Interview: ‘Losing Everything’ (and Shane McAnally) Helped Jo Smith Find Her Sound
When Jo Smith (formerly known as Joanna Smith) released two albums on Sony in the early 2010s -- Georgia Mud in 2011 and Be What It Wants to Be in 2012 -- neither album managed to climb very far on the charts. After releasing her fourth single, "Girls Are Crazy," in 2013, and watching that one, like her three previous singles, fail to even crack the Top 40, Smith thought that being a singer -- the thing she dreamed of doing since she was a little girl -- might not work out. And, she admits, that thought terrified her.
"Everybody scattered, as does happen in the music business. I ended up with no publishing deal, no manager, no nothing -- just, at my house, alone, starting back from square one," Smith recalls to The Boot. "Really, I was in the negative, because after you’ve had several singles on a major [label, and they haven't done well], you’re worse off than you are just fresh."
Smith could have walked away and pursued another career -- but, as the Georgia native soon discovered, the determination and tenacity that helped her record her previous albums was still inside of her, and it was compelling her to try again. So, she recorded some new songs, which now make up her Introducing Jo Smith EP, released in October; it's the music that the singer believes she was born to make.
I was like, 'What am I going to do with my life?' And I started from that question and slowly built my way back to really defining who I was, my purpose on this planet, what kind of music I wanted to do.
"I was like, 'What am I going to do with my life?' And I started from that question and slowly built my way back to really defining who I was, my purpose on this planet, what kind of music I wanted to do," Smith shares. "I literally started writing songs by myself and discovered that I had left something massive out of my previous music, and that was the Motown, the soul influence, the R&B influence, that I grew up listening to."
Smith was a minority in high school: Her classmates were mostly black. She recalls "rid[ing] around listening to "A Country Boy Can Survive" right after Nelly."
"That was what influenced me, along with my dad’s vinyl collection. And I had left all of that out of the previous music," Smith notes. "When I started realizing I could bring it back in, I started feeling whole again. But then the question was, who is going to see this vision with me and allow me to do this? This is going to be something completely innovative and new."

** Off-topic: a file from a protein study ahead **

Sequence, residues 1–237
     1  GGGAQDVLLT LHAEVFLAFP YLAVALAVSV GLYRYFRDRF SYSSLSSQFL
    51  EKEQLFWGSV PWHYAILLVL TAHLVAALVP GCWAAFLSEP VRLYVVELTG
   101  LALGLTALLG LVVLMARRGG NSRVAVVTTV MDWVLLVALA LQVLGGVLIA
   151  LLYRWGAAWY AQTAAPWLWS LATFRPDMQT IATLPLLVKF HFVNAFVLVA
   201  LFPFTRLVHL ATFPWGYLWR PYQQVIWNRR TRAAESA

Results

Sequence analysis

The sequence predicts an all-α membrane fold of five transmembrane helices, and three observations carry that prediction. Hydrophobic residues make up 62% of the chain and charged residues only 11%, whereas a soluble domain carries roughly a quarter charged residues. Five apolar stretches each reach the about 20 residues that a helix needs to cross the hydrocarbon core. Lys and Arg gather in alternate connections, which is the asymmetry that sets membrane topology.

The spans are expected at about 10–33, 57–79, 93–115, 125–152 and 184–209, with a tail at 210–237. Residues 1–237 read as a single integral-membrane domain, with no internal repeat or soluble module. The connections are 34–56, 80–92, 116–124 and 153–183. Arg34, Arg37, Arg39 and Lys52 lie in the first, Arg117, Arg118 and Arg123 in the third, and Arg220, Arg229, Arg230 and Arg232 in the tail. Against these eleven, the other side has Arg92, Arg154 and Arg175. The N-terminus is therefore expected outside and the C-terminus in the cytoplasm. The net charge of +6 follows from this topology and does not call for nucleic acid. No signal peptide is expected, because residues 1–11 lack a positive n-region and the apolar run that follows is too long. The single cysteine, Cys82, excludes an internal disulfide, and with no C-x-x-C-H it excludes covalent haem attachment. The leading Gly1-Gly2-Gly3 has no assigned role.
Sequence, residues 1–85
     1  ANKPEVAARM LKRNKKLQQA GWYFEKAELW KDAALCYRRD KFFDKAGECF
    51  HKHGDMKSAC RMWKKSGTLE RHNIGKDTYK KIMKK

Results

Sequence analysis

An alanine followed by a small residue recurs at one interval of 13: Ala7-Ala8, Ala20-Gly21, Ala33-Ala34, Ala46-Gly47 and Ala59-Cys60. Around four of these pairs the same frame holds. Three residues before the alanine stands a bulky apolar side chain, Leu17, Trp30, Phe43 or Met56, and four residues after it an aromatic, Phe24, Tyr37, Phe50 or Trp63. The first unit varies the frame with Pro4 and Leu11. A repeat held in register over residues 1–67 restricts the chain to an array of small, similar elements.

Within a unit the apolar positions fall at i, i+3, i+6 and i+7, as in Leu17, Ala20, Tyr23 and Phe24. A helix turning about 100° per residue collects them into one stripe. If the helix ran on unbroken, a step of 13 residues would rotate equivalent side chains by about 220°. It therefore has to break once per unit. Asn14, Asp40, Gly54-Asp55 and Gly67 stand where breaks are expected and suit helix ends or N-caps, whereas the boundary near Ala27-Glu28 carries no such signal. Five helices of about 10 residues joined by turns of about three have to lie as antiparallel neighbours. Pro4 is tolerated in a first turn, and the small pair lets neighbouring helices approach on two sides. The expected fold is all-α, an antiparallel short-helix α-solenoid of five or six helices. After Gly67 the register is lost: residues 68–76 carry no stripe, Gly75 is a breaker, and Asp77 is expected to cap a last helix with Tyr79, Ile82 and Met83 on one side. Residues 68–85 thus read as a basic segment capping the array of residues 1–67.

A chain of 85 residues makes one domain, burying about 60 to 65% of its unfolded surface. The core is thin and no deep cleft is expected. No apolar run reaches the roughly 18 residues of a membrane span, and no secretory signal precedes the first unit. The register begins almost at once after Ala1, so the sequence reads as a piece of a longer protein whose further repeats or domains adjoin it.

The answer came in the form of veteran producer and songwriter Shane McAnally. Thanks to his long list of eclectic credits (Kacey Musgraves, Old Dominion, Kelly Clarkson, Uncle Kracker and Keith Urban, among others), Smith believed that McAnally was the perfect person perfect to champion her vision -- and she was right.
"He believed in me and gave me a place to land, to write, and continue working towards that vision, and that’s how we ended up here," Smith says. "There’s two things that particularly bond me to Shane, that I love, and [the first] is the fact that Shane recognizes himself in people. He had to work so hard and hustle, and he sees that hunger in people -- I know that he saw that in me -- and that makes me love him. You feel like you’re an orphan and somebody adopts you.
"And the other thing is his instinct; he knows when it’s right, and I respect that, because I kind of have the same thing," Smith adds. "I’m not an incredible musician, or even an incredible singer, but I know when it’s right emotionally."
Still, Smith acknowledges, it took some work -- on herself, on the inside -- to try again. It's not that she didn't believe in the music she was creating, it was because the industry had failed to embrace her previous work.
"I didn’t know if I could be viable. I didn’t know if I could survive in this industry after four failed singles on a major label. So I definitely asked those questions," Smith concedes. "But it’s the 'knowing' thing: I know that I’m meant to do this. A lot of people in this business are like, ‘I can’t go do anything else.’ I’m actually passionate about a lot of things, but I just know that this is my calling."
Ultimately, it was the music -- that new sound that felt more authentically her -- that convinced Smith to try again.
"I think losing everything and being so vulnerable and literally laying on the floor and staring at my ceiling, just draining my savings, day by day -- that’s such an insecure place," Smith says. "When I found the music, it was like the net. The music made me feel safe here. And, normally, I look at all things, and I overthink, but this is something I’ve never questioned. And I still don’t ever question it. I just know."
I know that I’m meant to do this. A lot of people in this business are like, ‘I can’t go do anything else.’ I’m actually passionate about a lot of things, but I just know that this is my calling.
With her Introducing Jo Smith EP out and available to the masses, Smith is content to let the music take her wherever it will.
"I would love for it to grow as big as anything can in this industry," says Smith. "I hope that it’s the seed of a full-length album, of course; I would love for this EP to set me up for the right kind of a partnership with a major record label ... I feel like I have learned enough about that process that I’m ready for it again. And so, my hope is that this EP is the beginning of a full-length album and a great partnership going forward, that’s defined by the music at the core."
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